Tuesday, March 14, 2017

Seven Days Of You by Cecilia Vinesse

Seven Days Of You by Cecilia Vinesse
Release Date -  March 7, 2017
Publisher Website - Hachette/Little Brown
Publisher Social Media - Twitter
Pages -  336 pages
My Rating - 4/5
**received from the publisher for an honest review**

Here is the Goodreads synopsis
Sophia has seven days left in Tokyo before she moves back to the States. Seven days to say good-bye to the electric city, her wild best friend, and the boy she’s harbored a semi-secret crush on for years. Seven perfect days…until Jamie Foster-Collins moves back to Japan and ruins everything.

Jamie and Sophia have a history of heartbreak, and the last thing Sophia wants is for him to steal her leaving thunder with his stupid arriving thunder. Yet as the week counts down, the relationships she thought were stable begin to explode around her. And Jamie is the one who helps her pick up the pieces. Sophia is forced to admit she may have misjudged Jamie, but can their seven short days of Tokyo adventures end in anything but good-bye?
Seven Days Of You is pitched as Anna and the French Kiss meets Before Sunrise which immediately meant I had to read it. I was expecting something cute and sweet with a little drama mixed in and I was not disappointed. This romance set against the backdrop of Tokyo manages to be both familiar and fresh.

Sophia is a hard character to describe. She has most likely been referred to as reading 'younger than her years' by others who have read this book. I felt she read as a sheltered teenager. She read as someone unused to stepping outside their comfort zone. She was resistant to change, and felt anxious with a sense of stability. She may have read younger than her years, but it feels right for her character. She is growing, and changing during the events of the novel. A large part of this story is her finding herself, and finding out what home really means to her. It is Sophia's journey that is the focus and the character growth is there by the end of the novel.

The setting of this book could, sadly, almost be anywhere. This was the only draw back for me of the story. I left the book with a vague impression of Tokyo, but I wanted something more. I wanted to feel immersed in the setting, particularly because it was different that the typical contemporary settings. The where in this novel was not important to the overall story. This is a story of a girl feeling anchored as a result of moving around a lot. She never really felt like she belonged until her family settled in Tokyo and she always knew it had an end date. Sophia's journey was not dependent on the novel taking place in Tokyo as it really could have been any city, and that meant the setting didn't shine as brightly. There are some things about the setting that will inspire some travel lust, and the descriptions of the snack food in Tokyo will ignite serious cravings and for those elements I am thankful.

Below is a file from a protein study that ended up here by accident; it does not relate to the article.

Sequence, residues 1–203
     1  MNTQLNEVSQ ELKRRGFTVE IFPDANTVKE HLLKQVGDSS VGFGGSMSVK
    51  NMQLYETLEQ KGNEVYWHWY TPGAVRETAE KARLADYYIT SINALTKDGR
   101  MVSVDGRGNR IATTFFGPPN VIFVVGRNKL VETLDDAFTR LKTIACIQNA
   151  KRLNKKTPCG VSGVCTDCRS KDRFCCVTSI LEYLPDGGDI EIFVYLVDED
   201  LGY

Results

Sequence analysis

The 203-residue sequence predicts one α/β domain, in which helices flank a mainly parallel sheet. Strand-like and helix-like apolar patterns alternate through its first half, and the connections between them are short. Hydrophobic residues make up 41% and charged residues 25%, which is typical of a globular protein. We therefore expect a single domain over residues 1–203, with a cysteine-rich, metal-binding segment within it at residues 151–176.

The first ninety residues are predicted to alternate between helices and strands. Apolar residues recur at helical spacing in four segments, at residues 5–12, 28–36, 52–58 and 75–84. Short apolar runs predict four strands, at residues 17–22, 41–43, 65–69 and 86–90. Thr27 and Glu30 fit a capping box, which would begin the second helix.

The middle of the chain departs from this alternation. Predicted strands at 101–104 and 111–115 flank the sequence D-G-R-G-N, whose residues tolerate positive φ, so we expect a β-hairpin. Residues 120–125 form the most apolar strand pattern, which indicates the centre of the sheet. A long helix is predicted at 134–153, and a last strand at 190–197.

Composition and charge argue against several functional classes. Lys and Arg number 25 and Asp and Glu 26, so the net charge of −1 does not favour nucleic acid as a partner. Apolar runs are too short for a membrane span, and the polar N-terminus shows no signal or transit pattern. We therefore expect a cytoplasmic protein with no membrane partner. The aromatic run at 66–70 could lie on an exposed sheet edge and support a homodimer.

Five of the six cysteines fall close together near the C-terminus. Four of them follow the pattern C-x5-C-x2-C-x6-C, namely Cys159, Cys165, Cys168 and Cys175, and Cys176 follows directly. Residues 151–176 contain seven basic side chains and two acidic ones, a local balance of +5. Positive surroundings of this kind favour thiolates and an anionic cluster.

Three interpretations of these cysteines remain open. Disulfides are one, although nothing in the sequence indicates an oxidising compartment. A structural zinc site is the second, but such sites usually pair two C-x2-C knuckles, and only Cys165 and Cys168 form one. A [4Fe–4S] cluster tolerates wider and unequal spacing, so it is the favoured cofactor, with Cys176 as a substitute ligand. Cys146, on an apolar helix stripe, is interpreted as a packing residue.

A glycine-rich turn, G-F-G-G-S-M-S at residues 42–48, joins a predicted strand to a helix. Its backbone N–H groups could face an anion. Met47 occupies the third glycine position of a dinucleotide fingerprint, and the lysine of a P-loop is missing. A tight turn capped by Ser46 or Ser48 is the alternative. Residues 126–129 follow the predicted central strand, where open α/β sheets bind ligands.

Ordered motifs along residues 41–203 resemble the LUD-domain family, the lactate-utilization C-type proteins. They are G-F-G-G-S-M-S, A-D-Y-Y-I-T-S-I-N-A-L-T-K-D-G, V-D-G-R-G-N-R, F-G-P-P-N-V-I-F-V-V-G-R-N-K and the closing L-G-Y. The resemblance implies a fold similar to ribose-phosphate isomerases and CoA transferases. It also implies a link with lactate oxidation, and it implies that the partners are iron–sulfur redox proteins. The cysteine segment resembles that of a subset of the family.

The romance is one that starts when the two characters already have an established connection. They were friends first. This makes the quick nature of their romance feel more authentic and real. There is a backstory and history that these characters share and that comes through on the page. It's not something that is just told to the reader, but shown. The overall feel is one that is pretty realistic considering the idea is pure rom com fantasy.

The side characters (which include Sophia's friends and family) are all equally important to the story. I appreciated the time taken to expand upon all of Sophia's relationships and how they relate to what she is going through during this one week. Her friendships stand as a marker of those she is leaving  behind, and her past family issues are a large part of why she feels so unsettled. All of the relationships make Sophia who she is, and it was nice to see that reflected in the writing. There are plenty of subplots outside of the romance, and I appreciated each of them and the fact that time was given to flesh them out within the plot.

An undeniably cute story of a girl finding out that home can sometimes be a person (or people) and not a place. It's a story of making the moments you have count and ensuring you make the most of the time you do have. I think young adult contemporary fans will enjoy it for the cute fluffy read that it is and recommend it for a lighter read after something especially dark and heavy.

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